April 10, 2010
Joyce Kesling, CDBC
Learned helplessness is a complex behavior first identified by Seligman in 1967 who was studying experimental neurosis. One of Seligman’s experiments found “…dogs exposed to traumatic inescapable shock showed signs of neurotic elaboration and disintegration on cognitive, emotional, and motivational levels of organization” according to Lindsay (2000).
The experiment included three groups, one group, escape trained (ET), one group (YC) was controlled with restraint and no option to escape and the final group was the control (C). Both the ET and YC groups were exposed to continuous shock, but the ET group was allowed to escape the shock by giving an appropriate response and the YC group was prohibited from making any response to turn off the shock. The C group received no escape training. The next phase of the experiment was the following day when all…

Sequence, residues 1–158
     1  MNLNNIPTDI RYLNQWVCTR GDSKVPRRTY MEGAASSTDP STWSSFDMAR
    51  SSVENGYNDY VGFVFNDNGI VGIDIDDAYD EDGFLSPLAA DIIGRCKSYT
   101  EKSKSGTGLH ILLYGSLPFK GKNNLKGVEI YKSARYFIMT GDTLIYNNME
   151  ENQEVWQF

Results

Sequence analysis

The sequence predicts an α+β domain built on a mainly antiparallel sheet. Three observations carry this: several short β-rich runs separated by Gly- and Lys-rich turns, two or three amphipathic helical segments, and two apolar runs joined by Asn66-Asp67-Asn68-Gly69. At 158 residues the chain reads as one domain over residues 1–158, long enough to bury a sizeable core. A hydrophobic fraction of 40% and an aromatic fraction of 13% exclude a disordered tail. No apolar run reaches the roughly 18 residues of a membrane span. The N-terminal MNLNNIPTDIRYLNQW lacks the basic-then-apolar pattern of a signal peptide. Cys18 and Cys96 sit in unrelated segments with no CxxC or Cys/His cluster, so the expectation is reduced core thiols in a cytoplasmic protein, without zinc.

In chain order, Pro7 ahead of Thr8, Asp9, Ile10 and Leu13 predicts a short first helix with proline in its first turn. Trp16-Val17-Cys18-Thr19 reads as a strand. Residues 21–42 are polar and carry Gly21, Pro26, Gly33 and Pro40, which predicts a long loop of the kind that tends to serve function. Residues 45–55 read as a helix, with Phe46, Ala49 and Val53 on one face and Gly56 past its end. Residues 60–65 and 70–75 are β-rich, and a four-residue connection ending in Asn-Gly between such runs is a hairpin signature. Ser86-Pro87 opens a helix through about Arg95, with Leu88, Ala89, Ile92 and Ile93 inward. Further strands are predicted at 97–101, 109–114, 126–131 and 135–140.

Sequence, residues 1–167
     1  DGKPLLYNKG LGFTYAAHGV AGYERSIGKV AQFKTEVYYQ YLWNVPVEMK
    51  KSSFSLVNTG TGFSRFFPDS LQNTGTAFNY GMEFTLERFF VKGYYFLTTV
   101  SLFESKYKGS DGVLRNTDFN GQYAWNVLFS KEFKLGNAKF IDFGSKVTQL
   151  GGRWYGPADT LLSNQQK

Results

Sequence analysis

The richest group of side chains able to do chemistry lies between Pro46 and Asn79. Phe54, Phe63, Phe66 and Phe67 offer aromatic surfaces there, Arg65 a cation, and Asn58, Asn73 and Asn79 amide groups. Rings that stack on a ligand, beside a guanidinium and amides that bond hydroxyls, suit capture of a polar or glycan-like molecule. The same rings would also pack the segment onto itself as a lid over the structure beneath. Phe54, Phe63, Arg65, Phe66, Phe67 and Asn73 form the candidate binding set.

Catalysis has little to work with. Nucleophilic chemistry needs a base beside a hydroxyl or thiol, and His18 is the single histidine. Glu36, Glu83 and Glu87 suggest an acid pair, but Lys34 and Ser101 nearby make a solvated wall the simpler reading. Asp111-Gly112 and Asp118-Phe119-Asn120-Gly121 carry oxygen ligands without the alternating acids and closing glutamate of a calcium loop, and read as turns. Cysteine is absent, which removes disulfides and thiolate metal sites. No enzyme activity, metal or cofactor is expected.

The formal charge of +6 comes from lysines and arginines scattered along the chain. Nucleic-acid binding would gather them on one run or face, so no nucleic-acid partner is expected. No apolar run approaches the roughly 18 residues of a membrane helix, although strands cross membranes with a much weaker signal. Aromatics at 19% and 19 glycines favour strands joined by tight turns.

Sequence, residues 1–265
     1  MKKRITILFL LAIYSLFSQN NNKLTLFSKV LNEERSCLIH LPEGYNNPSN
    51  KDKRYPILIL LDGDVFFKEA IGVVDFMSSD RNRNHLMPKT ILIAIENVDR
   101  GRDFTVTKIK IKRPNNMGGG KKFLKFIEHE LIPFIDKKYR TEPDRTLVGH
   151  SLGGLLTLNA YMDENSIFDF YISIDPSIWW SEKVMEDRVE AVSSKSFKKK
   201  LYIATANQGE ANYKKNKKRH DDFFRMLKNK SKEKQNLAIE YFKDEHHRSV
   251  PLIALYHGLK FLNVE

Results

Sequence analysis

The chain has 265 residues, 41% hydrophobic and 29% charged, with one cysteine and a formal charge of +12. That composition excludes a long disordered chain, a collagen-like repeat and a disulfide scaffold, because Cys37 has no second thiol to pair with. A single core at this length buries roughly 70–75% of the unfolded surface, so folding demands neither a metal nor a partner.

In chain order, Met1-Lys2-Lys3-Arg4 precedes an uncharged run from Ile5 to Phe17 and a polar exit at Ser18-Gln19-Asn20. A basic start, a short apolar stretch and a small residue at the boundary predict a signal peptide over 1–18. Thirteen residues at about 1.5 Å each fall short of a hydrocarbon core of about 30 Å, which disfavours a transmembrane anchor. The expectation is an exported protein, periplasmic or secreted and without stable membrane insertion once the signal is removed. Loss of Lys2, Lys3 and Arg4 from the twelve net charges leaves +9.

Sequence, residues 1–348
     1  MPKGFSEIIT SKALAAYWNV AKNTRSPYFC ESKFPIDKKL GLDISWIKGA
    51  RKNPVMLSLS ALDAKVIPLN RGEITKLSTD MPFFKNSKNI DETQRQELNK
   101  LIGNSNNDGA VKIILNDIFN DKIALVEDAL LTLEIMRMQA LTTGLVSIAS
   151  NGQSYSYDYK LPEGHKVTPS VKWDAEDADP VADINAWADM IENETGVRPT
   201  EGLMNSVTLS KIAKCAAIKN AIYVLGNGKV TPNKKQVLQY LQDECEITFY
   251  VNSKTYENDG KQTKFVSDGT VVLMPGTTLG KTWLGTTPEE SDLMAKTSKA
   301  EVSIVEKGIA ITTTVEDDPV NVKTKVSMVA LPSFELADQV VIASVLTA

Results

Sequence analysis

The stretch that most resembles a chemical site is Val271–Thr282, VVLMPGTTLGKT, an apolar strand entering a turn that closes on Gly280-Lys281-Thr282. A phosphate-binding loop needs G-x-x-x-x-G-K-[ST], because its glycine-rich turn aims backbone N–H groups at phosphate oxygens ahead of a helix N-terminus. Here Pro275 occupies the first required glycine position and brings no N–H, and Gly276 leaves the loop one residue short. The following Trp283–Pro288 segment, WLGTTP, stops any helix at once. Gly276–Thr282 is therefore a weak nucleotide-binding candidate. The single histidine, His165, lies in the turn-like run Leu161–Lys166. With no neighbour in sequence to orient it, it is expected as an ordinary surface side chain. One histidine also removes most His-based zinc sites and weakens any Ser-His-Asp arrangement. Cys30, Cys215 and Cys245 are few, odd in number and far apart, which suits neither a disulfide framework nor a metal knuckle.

View original post 1,604 more words